Edmonds Healthy Eating: Pesto perfection


basilpesto1Right now my garden continues to bring me daily treats. We’ve had enough heat that I am enjoying warm tomatoes right off the vine….as well as zucchini, cucumbers, beans, and delicious carrots. We are even starting to get a second crop of raspberries! But I know school is about to start again when my basil plants are overwhelming me. So what do I like to do? Make pesto and freeze it for quick and healthy meals when I am pressed for time. The key is to use what you have on hand and to freeze this magical sauce in ice cube trays (when they are frozen you pop them out and store in Ziploc bags.) If you read my column about making a quick crumble, you will know that I like to improvise and be casual about my recipes. You can do the same thing with this recipe.

2 cups fresh basil leaves (you can also use parsley, fennel, arugula, carrot tops, spinach, baby kale, swiss chard, sun-dried tomatoes or any combination)
1/2 cup grated Parmesan-Reggiono, Grana Padano, or Romano cheese (the best that you can afford)
1/2 cup extra virgin olive oil
1/3-1/2 cup walnuts (or pine nuts, macadamia nuts, pecans)
1-2 Tablespoons garlic
1 Teaspoon fresh Black Pepper
1 Tablespoon fresh Lemon juice (or powdered unflavored Vitamin C. You can crush up your supplement pills!)

Traditionally pesto is made in a mortar and pestle, but I use a food processor because it is quick and easy. A blender doesn’t work for this recipe.

Place the leaves and nuts in the bowl of the food processor and pulse several times until the ingredients are crushed and mixed. Add the garlic and grated cheese and pulse again. Scrape the side of the processor several times during this process.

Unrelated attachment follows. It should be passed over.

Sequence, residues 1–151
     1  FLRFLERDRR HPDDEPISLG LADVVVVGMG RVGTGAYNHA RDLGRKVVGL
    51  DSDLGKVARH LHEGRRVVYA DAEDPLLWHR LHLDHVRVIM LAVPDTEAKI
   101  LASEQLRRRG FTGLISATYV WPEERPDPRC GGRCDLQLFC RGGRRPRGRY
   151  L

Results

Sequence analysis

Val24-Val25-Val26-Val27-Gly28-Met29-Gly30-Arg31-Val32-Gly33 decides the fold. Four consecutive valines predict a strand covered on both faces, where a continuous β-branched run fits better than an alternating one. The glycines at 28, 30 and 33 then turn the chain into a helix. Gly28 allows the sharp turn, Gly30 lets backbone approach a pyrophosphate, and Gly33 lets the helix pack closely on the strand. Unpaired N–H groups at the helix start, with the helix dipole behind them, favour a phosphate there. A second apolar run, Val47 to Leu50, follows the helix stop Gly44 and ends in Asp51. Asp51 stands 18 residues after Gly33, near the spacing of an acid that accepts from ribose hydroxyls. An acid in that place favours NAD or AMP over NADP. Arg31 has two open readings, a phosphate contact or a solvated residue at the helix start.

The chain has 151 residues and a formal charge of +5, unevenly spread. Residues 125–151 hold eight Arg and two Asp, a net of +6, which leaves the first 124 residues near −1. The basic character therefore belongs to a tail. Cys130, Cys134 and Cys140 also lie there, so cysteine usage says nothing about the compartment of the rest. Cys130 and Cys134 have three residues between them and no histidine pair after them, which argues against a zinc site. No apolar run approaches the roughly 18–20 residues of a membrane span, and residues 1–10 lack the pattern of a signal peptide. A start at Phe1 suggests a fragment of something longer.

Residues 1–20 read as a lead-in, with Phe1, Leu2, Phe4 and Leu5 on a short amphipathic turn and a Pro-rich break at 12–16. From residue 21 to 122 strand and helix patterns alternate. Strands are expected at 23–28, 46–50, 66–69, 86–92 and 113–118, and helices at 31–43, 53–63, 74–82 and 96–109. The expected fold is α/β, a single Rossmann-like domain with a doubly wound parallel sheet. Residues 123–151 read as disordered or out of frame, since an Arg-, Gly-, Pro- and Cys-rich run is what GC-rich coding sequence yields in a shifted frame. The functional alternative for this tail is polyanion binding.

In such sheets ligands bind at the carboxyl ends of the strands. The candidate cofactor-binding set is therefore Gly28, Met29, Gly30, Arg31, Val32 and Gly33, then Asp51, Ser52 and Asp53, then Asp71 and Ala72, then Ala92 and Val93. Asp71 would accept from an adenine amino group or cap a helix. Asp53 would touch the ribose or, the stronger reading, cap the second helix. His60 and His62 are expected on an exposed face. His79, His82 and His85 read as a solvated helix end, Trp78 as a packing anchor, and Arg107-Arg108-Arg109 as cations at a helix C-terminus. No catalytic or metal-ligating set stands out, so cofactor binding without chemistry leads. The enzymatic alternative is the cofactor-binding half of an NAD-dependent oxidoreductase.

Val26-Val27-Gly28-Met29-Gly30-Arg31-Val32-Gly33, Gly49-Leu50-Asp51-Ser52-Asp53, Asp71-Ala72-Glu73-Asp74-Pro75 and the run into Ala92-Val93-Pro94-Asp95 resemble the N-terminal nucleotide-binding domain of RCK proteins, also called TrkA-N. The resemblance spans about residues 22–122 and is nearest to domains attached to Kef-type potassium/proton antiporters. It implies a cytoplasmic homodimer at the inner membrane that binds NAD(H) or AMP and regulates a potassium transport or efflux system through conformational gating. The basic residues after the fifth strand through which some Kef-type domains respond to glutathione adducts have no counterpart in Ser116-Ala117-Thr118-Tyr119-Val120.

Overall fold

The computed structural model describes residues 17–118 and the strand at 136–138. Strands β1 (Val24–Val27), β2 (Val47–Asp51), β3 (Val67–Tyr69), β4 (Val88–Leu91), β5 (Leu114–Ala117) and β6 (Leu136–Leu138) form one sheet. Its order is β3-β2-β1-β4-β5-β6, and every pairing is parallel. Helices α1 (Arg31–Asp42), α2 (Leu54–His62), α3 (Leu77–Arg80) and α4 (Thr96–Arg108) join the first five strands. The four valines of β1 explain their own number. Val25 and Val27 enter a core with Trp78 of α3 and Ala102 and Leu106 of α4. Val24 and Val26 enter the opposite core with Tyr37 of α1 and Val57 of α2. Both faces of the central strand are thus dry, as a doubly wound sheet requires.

Add the black pepper and lemon juice. (My “trick” is to use pure, unflavored Vitamin C powder from the health food store because pesto darkens when exposed to air. Using the Vitamin C prevents this oxidation and the pesto will stay a beautiful green color.)

While the food processor is running, slowly add the olive oil in a steady stream. Adding the olive oil in this way will help the pesto emulsify so that the ingredients do not separate. Scrape the side of the processor several times during this process.

Use immediately with pasta, rice, baked potatoes, grilled chicken, spread for crackers or toasted bread, and even use in quiches, omelets, pizza toppings….the possibilities are endless. You may want to add hot water when adding to pasta.

If you are freezing, spread into ice cube trays. Freeze until hard and then store the frozen cubes in a Ziploc bag.

So head to the market and pick up your favorite “green”….pesto offers a quick and easy meal. Remember you can always add more or less cheese, nuts, garlic or pepper to suit your tastes. It’s hard to mess this one up because it’s simple and delicious in almost any configuration of ingredients.

Happy and healthy eating,

– By Deborah Binder

Deborah Binder Formal PortraitDeborah Binder lives in Edmonds with her family. She is “dancing with N.E.D.” (no evidence of disease) after being diagnosed with Ovarian Cancer in 2009. She is a foodie who loves to cook from scratch and share here experiments with her family. She attended culinary school on the East Coast and currently chef assists at PCC Cooks and NuCulinary Cooking School. Her current interest in food is learning to eat for health and wellness, while at the same time enjoying the pleasures of the table. As Julia Child once said, “Everything in moderation including butter.” Deborah can be contacted at [email protected].

2 Replies to “Edmonds Healthy Eating: Pesto perfection”

  1. AI love that you added carrot tops to your recipe ingredient list. So many times people just toss them, or at PCC the other day they even offered to chop them off and compost them for me, if I did not want them. I did, and went home to make a pesto of the fresh tops( from organic Nate’s carrots) using a bit of Cilantro, Mint and a jalapeno pepper.. to give it a kick!



  2. My potted basil is out of control. Pinching off blooms every day, leaves getting larger along with the overall plant. I would love to be able to freeze the smaller leaves for later use. I don’t want to just make pesto, but use the more tender leaves in sauces and soups. I don’t have a dehydrator, and am hoping fresh dry freezing them, using a vacuum sealer will do it. Alternative, all my neighbors want my basil! No, no! Help with best suggestion besides pesto.




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